While these concerns and challenges do have some merit, it is natural for issues to emerge with the rise of newer technologies. This rise has also resulted in cryptocurrency networks strengthening their measures to mitigate such issues.

For example, the furore around cryptocurrencies being used as a primary mode of money laundering and illicit activity has been partially negated by the integration of anti-money laundering measures such as fraud detection and flagging of suspicious transactions.

While the UN estimates 2-5 per cent of global GDP stems from illicit activities, criminal activity represented just 0.34 per cent of all cryptocurrency transactions in 2021 — a reduction from 2.1 per cent in 2019. The other major concern around price volatility and its effect on retail investors is perfectly valid, and this is where enabling regulation can play an important role in educating as well as protecting potential investors.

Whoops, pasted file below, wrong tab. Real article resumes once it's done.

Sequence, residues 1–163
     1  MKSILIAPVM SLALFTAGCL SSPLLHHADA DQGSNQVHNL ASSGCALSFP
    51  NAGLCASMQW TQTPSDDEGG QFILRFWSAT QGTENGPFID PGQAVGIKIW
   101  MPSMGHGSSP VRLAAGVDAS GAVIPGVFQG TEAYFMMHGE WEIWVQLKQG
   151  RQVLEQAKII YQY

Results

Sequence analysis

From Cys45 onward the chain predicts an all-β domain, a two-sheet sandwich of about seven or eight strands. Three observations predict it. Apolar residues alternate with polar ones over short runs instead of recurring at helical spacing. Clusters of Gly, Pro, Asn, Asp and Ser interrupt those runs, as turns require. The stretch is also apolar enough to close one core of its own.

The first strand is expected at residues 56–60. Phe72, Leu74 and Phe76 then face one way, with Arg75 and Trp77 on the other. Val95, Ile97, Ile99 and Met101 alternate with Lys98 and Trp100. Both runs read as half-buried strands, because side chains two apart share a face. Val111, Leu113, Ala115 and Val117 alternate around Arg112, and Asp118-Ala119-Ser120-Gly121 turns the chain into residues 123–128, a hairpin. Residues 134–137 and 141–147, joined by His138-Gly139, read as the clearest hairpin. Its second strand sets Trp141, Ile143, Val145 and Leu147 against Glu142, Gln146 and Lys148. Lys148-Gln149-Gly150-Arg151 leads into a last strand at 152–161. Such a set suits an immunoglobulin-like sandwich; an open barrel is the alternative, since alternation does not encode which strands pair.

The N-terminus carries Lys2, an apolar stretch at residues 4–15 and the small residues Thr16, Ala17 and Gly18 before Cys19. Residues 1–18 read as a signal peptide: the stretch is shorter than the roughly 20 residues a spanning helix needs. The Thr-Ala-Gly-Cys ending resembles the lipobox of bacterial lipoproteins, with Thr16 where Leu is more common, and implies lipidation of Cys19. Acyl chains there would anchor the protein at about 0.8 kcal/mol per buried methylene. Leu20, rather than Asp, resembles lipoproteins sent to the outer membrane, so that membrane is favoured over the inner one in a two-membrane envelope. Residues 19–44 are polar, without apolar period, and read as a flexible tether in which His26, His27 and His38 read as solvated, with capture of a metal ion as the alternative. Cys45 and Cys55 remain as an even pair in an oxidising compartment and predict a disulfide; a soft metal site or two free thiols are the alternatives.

Right regulation

When it comes to the regulation of cryptocurrencies in India, it is important for policymakers to acknowledge the challenges discussed while simultaneously adopting a solution-based approach to any regulatory framework. Over the past few years, the Indian government’s position around crypto has seen multiple shifts.

The first formal restriction on cryptocurrency transactions was put forward by the RBI in 2018. This circular prevented banks and financial institutions from enabling transactions with cryptocurrency platforms and virtual currencies.

To add to this, in 2019, a Parliamentary committee formally recommended against regulating cryptocurrency and pushed for it to be banned.

However, a Supreme Court decision on this matter in 2020 gave crypto traders and investors great relief, while another encouraging sign was when Finance Minister Nirmala Sitharaman acknowledge its growing potential and the need for a “calibrated approach” towards its regulation in her Budget speech this year.

Despite these positive signs, there has been recent disruption in the services of cryptocurrency exchanges in India with several banks disabling payment gateways from processing transactions towards cryptocurrency platforms in the country.